During last week, the first big snowfall obliterated the dormant landscape of Green Bay, thank God. People always find my excitement of an approaching snowstorm rather odd. I mean, after all, it leaves bad roads and physical labor in the form of shoveling in its wake. However, it also means freshly groomed trails, making cross-country skiing a must on my list. There are a few parks with ski and snowshoe trails in Brown County, and I’m off to venture these snowy forests for outdoor recreation.
I wake up and don my ski boots, with my skis already waiting in my car, and am out the door in a flurry. My first destination, in my tour of Brown County’s ski destinations, is what is known as the Reforestation Camp. I frequent this place most often.
Today, the parking lot is ridiculous, as cars are everywhere. The skate skiing portion of the park is very popular and attracts many, however, this is the busiest I’ve ever seen the park. I guess it really shouldn’t come as a surprise, being the first weekend opportunity for skiing this season. The trails are groomed for both traditional and the skate skiers, and many are lingering at the trailhead.
I start my trek, enjoying the burst of speed that is provided by the small hill at the head of the trail. The reforestation camp, as you probably have guessed, is heavily wooded. I take a short 1.8 mile loop, with slight hills and curves, winding my way through the sizeable trees in this great park.
I don’t ski competitively and probably would not win any awards if I did. I like traditional cross-country skiing because, to me, it’s an adventure. The forest seems quiet and, even with this many skiers using the facility, a source of solitude. With the NEW Zoo near the park, an added twist to your skiing quest can occur when, out of nowhere, the roar of a lion sounds against the bare trees.
The shelter is quite large here, having a gas fireplace and restrooms equipped with lockers. Inside the shelter, like the parking lot, the place is packed, filled with an excited buzz. I absolutely love it.
There are five trails here, ranging in skill from novice to advanced. A lighted 2.4 mile loop allows for some night skiing, as the Reforestation Camp is the only park that has lamps. Along with the ski trails, two snow shoe trails, both roughly a mile long, also course through the woodlands of the Reforestation Camp. I leave the Reforestation camp behind, immersing myself in a rustic atmosphere at the next ski/snowshoe facility. The Barkhausen Waterfowl Preserve offers some rather picturesque scenery, along with the feeling of being in an untouched natural setting. Yet, what I love about the place, besides the fact that they rent snowshoes, is that they have an actual fireplace and serve free hot cocoa.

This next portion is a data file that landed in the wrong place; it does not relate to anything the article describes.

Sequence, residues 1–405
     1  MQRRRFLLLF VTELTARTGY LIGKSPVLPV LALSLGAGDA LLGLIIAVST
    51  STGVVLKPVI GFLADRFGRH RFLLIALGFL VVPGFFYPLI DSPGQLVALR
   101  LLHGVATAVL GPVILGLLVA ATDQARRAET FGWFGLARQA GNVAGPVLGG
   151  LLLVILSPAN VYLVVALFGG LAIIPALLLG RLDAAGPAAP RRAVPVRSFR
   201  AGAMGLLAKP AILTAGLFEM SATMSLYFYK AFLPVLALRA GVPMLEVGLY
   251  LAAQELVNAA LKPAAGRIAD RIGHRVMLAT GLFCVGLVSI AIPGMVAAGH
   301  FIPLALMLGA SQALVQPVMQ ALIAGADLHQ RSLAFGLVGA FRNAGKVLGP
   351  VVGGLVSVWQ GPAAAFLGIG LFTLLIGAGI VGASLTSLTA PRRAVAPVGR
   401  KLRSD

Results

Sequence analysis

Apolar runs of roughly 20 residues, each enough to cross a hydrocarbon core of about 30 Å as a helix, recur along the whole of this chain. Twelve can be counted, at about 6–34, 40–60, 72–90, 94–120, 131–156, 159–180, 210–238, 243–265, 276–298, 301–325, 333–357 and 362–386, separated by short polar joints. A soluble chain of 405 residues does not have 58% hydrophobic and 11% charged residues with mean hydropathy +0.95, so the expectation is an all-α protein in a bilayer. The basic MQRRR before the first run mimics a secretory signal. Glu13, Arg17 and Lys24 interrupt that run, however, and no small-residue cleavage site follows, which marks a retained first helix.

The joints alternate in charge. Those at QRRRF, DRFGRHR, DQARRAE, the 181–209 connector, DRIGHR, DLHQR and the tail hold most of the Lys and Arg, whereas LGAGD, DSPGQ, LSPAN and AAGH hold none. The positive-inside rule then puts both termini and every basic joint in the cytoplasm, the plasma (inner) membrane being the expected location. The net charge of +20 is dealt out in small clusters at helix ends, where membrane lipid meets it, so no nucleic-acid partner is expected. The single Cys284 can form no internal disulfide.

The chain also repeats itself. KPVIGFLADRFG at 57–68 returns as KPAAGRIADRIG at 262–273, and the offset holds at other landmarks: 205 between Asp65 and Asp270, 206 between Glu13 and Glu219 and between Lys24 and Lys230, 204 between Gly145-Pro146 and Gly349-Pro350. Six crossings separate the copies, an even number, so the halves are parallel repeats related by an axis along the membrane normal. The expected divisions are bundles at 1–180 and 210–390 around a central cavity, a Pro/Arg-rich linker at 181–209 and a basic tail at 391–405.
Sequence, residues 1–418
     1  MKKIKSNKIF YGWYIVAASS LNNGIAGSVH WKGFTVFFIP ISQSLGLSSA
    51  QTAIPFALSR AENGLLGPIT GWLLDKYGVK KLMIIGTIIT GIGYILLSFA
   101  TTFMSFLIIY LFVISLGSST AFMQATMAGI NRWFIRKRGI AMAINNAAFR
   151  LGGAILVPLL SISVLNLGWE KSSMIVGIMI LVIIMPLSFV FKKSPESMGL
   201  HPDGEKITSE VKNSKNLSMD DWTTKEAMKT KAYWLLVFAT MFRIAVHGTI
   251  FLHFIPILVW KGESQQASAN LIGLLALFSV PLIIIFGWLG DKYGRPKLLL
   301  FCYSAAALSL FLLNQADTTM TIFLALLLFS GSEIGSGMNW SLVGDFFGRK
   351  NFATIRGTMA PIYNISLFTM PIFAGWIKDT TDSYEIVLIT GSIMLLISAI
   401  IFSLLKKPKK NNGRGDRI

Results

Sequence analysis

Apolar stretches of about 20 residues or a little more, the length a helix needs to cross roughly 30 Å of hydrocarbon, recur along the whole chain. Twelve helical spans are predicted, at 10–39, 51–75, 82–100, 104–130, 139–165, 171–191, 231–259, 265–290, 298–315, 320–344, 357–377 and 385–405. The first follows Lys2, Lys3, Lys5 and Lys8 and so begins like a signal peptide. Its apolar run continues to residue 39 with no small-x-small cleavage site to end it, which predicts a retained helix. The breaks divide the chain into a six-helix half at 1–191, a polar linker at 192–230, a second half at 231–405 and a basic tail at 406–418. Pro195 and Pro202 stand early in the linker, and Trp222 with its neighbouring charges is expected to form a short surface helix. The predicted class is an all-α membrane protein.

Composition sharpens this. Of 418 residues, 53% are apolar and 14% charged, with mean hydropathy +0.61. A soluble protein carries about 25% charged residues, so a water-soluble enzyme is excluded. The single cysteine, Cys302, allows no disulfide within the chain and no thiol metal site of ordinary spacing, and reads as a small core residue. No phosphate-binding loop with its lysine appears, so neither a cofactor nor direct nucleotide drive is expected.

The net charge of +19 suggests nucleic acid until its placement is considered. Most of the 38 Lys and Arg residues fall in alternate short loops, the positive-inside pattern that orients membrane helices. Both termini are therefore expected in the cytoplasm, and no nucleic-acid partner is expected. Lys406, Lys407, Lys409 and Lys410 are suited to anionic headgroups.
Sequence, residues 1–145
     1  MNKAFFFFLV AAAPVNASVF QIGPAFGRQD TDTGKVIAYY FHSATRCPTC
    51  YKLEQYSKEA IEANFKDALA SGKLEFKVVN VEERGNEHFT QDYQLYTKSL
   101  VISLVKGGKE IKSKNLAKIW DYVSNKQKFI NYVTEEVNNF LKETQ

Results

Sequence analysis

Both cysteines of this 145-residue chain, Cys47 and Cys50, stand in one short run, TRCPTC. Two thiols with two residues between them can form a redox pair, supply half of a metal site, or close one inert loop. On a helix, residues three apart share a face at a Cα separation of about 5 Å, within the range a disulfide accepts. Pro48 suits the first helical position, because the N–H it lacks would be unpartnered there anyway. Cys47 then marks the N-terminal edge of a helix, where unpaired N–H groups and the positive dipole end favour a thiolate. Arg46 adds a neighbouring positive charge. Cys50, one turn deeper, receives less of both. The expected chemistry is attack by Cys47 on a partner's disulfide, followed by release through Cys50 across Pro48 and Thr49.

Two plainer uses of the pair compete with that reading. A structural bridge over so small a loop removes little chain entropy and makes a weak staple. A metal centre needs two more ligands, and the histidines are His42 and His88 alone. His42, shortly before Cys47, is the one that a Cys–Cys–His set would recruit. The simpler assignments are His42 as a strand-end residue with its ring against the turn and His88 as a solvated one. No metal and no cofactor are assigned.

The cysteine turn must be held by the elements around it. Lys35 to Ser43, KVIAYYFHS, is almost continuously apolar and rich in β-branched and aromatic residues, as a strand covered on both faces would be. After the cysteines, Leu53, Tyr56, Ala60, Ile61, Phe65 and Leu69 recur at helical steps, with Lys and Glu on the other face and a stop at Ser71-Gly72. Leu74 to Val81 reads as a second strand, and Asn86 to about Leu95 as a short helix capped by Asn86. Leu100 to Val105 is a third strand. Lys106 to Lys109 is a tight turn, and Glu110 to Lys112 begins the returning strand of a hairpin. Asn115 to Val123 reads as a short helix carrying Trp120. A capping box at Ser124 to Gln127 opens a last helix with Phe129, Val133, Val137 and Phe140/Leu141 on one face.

I exit my car and inhale the sweet scent of wood smoke as it tickles my nostrils. I reach the trail head and am off, coursing over bridges and skimming the snow through divided pines. Here, the land is flat, accompanied with creeks and ponds, full of remnants of reeds and marshy grasses.
Skiing, if you’re curious, is an ancient mode of transportation, believed to have originated in Scandinavia over five millennia ago. Skis have aided in a variety of tasks, from hunting to military service. Naturally, skis found their way into the Midwest through Norwegian settlers. I realize that in yesteryear, the trails would not have been groomed by a machine, nor would I be on skis made with high-tech materials. Yet, being on this jaunt through the woods, I imagine those pioneer days as the smell of burning wood becomes stronger the closer I get to the rustic shelter.
If you have youngsters learning to ski, this would be the place to try it out. There is a trail that is only three-quarters of a mile long, very flat, yet scenic. An additional five trails range in distance from 2.25 to 4.75 miles, none are difficult. The big draw, at Barkhausen, is the snowshoeing. Yet, the skiing is just as satisfying.
At the shelter, one can rent snowshoes on the weekends from 12-3 pm. During the week, rentals are available during park hours, provided there is no event taking place, calling ahead is recommended. All rentals are on a first come first serve basis.
My last visit for the day is further south in a park known as Neshota. Here, the trails are not very long, yet, they can be difficult. The advanced trail features a monster of a hill, providing a thrill to the adventure. The trails, like the Reforestation Camp, are groomed for both traditional and skate skiing.
Trekking through this park is entertaining, while the Reforestation Camp was a rolling forest and Barkhausen was a flat, sometimes marshy, woodland, this place is littered with steep slopes. In places, the trail rides right on the ridge of one of these wooded hills.
However, the shelter leaves something to be desired. It is equipped with restrooms, but is simply a county park shelter. There is no fireplace or rustic charm, just a functional and serviceable building. Yet, the scenery is as picturesque as either of the first two parks I visited earlier.
With the cold flushing my cheeks, the crunch of the poles hitting the snow, the swishing of skis gliding over groomed trails, the quiet of a dense forest and the warmth only good exercise provides on a cold day, I am refreshed as I leave my final destination. For ages, humans have partaken in this activity and enjoyed the benefits. Whether out of sheer necessity or a recreational endeavor this sport or form of travel is still a vital part in many lives. I love the invigorating freedom I feel while striding alone in a spacious forest, nothing to hinder me except, maybe, myself.
Whatever reason you choose to ski, I hope that this proves informative if you are visiting or live in or near Brown County.